Juventus is coming off the back of a disappointing season where they finished 7th in Serie A and were subsequently knocked out from the Champions League. The club has undergone a significant change, with Massimiliano Allegri being replaced by Maurizio Sarri for next season, but how can Juventus get back to their winning ways? Here are eight things that Juve must do if they wish to be successful again.
Juventus is in transition, and the club has made a lot of changes to try and get back on top. The club should make some changes to get back to the top. Read more in detail here: juventus champions league 2021.
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6. Take advantage of Chiesa’s absence.
Yes, Chiesa is the future of Juventus, and his ACL injury was a significant setback. Yes, Arrivabene went a little beyond when he declared they already had lots of outstanding strikers, citing Alvaro Morata (OK…), Paulo Dybala (see above), Moise Kean (erm), Dejan Kulusevski (not yet), and Kaio Jorge as examples (ditto). Any Chiesa replacement, on the other hand, should be a one-year contract or someone who can contribute three, four, or five years down the road.
Yes, getting back into the Champions League is crucial, but it doesn’t mean risking the future on another high-priced veteran. There are just so many resources available. Either take a chance on a youngster who could still be worth something if things don’t work out, or accept a loanee who won’t bog down your books Ramsey-style this summer. Alternatively, you may remain put since…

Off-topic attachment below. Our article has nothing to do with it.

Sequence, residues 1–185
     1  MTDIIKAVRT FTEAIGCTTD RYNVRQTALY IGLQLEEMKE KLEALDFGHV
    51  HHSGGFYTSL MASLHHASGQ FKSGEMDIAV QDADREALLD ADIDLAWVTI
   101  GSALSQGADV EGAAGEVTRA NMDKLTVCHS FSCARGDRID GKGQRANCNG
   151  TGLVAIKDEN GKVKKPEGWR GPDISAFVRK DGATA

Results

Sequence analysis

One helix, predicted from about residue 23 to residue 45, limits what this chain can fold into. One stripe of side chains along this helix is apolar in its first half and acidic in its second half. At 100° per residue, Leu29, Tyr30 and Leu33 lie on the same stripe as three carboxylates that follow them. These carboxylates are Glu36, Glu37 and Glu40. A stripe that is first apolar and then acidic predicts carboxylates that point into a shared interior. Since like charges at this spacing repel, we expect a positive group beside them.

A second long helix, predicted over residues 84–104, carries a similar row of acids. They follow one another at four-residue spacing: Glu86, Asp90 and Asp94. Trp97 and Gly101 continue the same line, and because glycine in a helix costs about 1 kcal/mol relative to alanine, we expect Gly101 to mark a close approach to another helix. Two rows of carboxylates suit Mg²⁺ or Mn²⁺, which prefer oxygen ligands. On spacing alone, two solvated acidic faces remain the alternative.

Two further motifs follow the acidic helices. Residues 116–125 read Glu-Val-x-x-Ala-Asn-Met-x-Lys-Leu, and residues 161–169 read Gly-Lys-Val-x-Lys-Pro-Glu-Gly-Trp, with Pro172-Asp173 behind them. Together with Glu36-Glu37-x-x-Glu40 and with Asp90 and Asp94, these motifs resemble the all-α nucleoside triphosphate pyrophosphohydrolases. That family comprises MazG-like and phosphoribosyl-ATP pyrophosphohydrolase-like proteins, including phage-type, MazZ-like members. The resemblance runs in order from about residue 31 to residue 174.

7… it’s time to enlist the help of the “loan army” and the Under-23 squad.
Juventus made a big deal a few years ago about how important it is for “B teams” (basically the reserves) to receive an opportunity to play in the Italian football pyramid. New laws were enacted, and it turned out that Juve were the only team to take advantage of the chance to form a U23 team. They are a third-division team (and are sixth in the table).
How about seeing whether any of these men can really play? Not just to replace Chiesa, but to replace everyone on the team.
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The same can be said for the dozen or so players on loan at the moment. Others are young, and some were previously declared ineligible, but they’re all warm bodies. Juve has spent a lot of money on their academy, but they’ve gained relatively little in return, except from occasional player trades. Why not employ them instead of serving Mattia De Sciglio and/or Daniele Rugani for the umpteenth time?
Nobody expects Juve’s youth program to be as good as Barcelona’s, but look at the boost Xavi has received from players like Nico Gonzalez, Gavi, and Ferran Jutgla, three players most people had never heard of until a few months ago.
8. Accept that if you don’t place in the top four, it’s not the end of the world.
First and foremost, I believe Juve will finish in the top four in Serie A because they are on the right track and have a track record of doing so. Sure, there would be a financial and reputational hit if they didn’t, but it would actually make it simpler to recover. You’ll have, in a sense, lanced the boil.
As the previous two years have shown, reloading on the fly is incredibly tough. You must sometimes dive before you can soar. After the Calciopoli scandal in 2006-07, Juve was promoted back to Serie A, finishing third and second the next two seasons… and then spent two years in seventh place before going on their nine straight scudetti (and two Champions League finals).
Only five players from the runner-up team in 2008-09 were remained on the roster when they won their first of nine championships in 2011-12. They didn’t go on a spending binge; instead, they became smart, learnt from their failures, hired the proper coach, and figured out who they were and who they wanted to be. Which takes us full round to the first two points.
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